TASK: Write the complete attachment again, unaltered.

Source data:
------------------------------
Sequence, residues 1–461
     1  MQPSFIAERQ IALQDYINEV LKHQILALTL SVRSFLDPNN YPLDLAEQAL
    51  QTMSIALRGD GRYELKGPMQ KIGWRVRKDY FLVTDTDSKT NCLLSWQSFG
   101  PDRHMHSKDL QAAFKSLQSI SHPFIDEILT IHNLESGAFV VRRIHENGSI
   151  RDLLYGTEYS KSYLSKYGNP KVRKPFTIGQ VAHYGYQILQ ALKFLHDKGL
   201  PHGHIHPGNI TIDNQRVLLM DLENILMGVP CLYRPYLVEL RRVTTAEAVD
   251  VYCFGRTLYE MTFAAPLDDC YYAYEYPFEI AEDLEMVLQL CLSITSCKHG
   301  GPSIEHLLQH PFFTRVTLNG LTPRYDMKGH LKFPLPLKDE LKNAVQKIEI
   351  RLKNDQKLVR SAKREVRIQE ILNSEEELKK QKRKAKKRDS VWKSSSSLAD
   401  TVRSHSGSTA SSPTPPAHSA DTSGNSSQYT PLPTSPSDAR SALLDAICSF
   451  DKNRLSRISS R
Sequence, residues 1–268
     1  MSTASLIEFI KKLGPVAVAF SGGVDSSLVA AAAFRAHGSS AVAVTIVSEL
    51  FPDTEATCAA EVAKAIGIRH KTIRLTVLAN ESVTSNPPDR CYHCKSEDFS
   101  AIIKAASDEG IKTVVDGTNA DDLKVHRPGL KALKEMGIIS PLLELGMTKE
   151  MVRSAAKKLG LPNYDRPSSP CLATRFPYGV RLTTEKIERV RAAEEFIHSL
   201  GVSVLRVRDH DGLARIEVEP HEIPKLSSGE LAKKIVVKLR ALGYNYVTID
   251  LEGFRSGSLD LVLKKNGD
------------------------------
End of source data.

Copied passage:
Sequence, residues 1–461
     1  MQPSFIAERQ IALQDYINEV LKHQILALTL SVRSFLDPNN YPLDLAEQAL
    51  QTMSIALRGD GRYELKGPMQ KIGWRVRKDY FLVTDTDSKT NCLLSWQSFG
   101  PDRHMHSKDL QAAFKSLQSI SHPFIDEILT IHNLESGAFV VRRIHENGSI
   151  RDLLYGTEYS KSYLSKYGNP KVRKPFTIGQ VAHYGYQILQ ALKFLHDKGL
   201  PHGHIHPGNI TIDNQRVLLM DLENILMGVP CLYRPYLVEL RRVTTAEAVD
   251  VYCFGRTLYE MTFAAPLDDC YYAYEYPFEI AEDLEMVLQL CLSITSCKHG
   301  GPSIEHLLQH PFFTRVTLNG LTPRYDMKGH LKFPLPLKDE LKNAVQKIEI
   351  RLKNDQKLVR SAKREVRIQE ILNSEEELKK QKRKAKKRDS VWKSSSSLAD
   401  TVRSHSGSTA SSPTPPAHSA DTSGNSSQYT PLPTSPSDAR SALLDAICSF
   451  DKNRLSRISS R
Sequence, residues 1–268
     1  MSTASLIEFI KKLGPVAVAF SGGVDSSLVA AAAFRAHGSS AVAVTIVSEL
    51  FPDTEATCAA EVAKAIGIRH KTIRLTVLAN ESVTSNPPDR CYHCKSEDFS
   101  AIIKAASDEG IKTVVDGTNA DDLKVHRPGL KALKEMGIIS PLLELGMTKE
   151  MVRSAAKKLG LPNYDRPSSP CLATRFPYGV RLTTEKIERV RAAEEFIHSL
   201  GVSVLRVRDH DGLARIEVEP HEIPKLSSGE LAKKIVVKLR ALGYNYVTID
   251  LEGFRSGSLD LVLKKNGD